In exploring the many different perspectives of the theorists on the broad field of "media," it seems as if there is no apparent space (or need?) for memory. Perhaps because of the temporal value of media, and its substance - information - that is to be emitted, distributed, disseminated, and shared, and yet having to give in to the newer materials that are constantly flowing in...
For example, Anderson's notion of the imagined communities that are founded upon the idea of sharing prints that hold information in the age of mechanical reproduction and simultaneous consumption, Saussure's emphasis on language, Feuer's idea of the liveness of television, and Terranova's notion of "general intellect" -- the existence of "free labor" as a participant of the networked sites...('networked publics' of Boyd). Considering these views in the examination of media, how does one, as an individual in a society and in the world, come to view his or her life, or the imagined communities that he comes to partake? Does one's memory matter, is there a space for something so private or personal - in the world of constant acquisition for knowledge. (As Professor Chun refers to the Enlightenment thinking, does all this knowledge really lead to progress? the superfluous information that leads to better action? What about the highly rendered quality of these social and thus cultural constructions (information - knowledge)? What does this problematize - that the public accounts weigh heavier, looms over the personal accounts of private memory? What are the complications of the position we are to take as a member of the mass - mediated world?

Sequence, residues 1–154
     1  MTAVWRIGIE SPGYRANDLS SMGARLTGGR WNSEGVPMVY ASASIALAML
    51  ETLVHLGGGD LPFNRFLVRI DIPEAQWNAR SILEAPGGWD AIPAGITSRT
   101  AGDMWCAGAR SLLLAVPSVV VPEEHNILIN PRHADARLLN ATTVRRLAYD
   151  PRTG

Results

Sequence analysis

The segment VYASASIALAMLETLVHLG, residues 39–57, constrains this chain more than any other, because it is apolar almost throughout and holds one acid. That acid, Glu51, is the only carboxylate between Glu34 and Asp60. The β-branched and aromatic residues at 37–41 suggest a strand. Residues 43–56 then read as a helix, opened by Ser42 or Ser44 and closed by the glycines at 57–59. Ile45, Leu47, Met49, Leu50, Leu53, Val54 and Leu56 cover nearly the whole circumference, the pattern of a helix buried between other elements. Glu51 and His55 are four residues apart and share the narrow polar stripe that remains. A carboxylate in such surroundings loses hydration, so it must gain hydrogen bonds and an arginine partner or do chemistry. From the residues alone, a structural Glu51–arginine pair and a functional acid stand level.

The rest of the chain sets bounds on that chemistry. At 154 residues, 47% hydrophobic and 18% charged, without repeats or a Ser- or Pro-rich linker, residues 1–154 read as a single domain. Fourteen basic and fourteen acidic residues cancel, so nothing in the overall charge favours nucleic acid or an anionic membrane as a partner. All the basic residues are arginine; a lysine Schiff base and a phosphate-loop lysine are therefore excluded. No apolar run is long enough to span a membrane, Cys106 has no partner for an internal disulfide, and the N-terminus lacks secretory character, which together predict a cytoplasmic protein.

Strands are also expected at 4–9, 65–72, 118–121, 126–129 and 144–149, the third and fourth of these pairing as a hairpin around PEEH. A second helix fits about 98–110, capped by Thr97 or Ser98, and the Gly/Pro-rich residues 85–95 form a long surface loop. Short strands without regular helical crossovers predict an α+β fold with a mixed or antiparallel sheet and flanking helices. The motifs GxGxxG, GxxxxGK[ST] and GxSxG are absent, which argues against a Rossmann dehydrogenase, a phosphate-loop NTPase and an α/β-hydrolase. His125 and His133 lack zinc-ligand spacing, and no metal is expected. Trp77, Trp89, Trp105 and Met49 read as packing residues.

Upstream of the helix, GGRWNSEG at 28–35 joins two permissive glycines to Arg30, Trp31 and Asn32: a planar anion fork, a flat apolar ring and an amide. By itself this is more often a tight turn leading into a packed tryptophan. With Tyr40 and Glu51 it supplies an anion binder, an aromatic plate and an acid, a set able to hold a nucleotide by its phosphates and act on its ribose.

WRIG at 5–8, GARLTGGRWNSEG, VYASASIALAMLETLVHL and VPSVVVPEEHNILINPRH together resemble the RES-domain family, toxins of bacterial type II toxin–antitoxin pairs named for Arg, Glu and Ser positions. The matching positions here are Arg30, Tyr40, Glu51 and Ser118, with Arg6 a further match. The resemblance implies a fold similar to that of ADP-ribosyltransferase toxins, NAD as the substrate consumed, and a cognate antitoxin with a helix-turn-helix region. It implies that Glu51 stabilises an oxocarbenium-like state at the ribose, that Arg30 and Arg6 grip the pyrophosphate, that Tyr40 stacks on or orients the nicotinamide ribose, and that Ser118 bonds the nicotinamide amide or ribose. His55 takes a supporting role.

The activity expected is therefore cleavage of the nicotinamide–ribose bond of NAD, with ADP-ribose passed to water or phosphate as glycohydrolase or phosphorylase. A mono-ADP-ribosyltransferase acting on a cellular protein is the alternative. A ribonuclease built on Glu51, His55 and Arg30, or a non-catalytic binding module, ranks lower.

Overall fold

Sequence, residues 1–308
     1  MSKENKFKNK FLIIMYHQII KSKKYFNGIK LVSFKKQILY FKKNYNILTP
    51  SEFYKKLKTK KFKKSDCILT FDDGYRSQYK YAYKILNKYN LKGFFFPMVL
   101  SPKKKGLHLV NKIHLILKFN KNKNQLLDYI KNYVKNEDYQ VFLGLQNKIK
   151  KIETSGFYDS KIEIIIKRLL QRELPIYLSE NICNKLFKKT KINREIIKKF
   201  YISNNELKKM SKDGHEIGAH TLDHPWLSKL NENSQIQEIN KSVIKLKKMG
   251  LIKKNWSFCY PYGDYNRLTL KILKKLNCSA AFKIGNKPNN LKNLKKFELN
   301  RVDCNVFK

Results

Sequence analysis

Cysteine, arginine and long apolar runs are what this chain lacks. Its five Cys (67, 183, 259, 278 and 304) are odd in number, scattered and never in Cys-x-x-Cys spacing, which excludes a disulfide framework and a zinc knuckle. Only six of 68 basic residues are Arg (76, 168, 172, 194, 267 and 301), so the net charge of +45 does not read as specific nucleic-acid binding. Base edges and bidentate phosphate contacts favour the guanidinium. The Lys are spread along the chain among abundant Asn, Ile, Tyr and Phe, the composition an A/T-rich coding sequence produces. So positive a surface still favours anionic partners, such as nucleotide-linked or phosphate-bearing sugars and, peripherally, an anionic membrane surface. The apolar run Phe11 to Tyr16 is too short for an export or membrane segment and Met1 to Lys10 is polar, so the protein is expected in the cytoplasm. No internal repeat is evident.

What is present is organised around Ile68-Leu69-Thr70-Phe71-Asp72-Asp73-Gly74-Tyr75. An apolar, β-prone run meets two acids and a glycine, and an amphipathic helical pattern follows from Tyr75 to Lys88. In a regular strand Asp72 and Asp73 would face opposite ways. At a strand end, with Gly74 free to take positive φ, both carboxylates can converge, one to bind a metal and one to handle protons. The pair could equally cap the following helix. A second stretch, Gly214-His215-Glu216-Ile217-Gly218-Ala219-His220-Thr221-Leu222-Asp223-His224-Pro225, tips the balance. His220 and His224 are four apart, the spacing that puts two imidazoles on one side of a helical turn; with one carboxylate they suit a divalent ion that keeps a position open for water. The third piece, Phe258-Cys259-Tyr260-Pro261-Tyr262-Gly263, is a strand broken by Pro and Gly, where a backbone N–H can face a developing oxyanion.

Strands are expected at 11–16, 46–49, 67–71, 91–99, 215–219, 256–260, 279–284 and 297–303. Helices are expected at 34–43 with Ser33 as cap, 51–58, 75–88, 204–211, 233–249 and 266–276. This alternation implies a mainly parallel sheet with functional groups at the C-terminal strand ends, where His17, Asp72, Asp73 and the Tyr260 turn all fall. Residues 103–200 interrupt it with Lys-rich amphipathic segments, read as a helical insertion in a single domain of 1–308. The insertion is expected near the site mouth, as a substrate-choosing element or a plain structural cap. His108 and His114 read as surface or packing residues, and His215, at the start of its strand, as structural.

In a way it almost seems as if the highly -mediated world of the present voids of "personal," or something such as private memory. Consider the Lambdamoo that is a quintessential imagined community.
"[In LambdaMoo] participants lose themselves in their roles and collaborate in a form of collective authorship... MUDs are characterized by a tightly knit - though globally dispersed - community of characters engaged in an ongoing dialogue that combines the aimlessness of nomadic wandering with the focused creativity of world building." (omnispace.org)
Detaching oneself from the media-theory-student position and instead examining it from a critical perspective, how does one view - life? Has it merely become a part of the larger imagined community that feeds on the creative force of individuals - whose identities have become - in a way - amorphous and vulnerable to change to the ever- changing conditions of the world? (that is directed by media thoroughly in all ways).
Reality, realism, true, and the gap between the virtual and the real.
I guess it all comes down to the question of "what is real?"
...but then again since when was there such a truth, as both history and memory are in essence ultimately a social construct...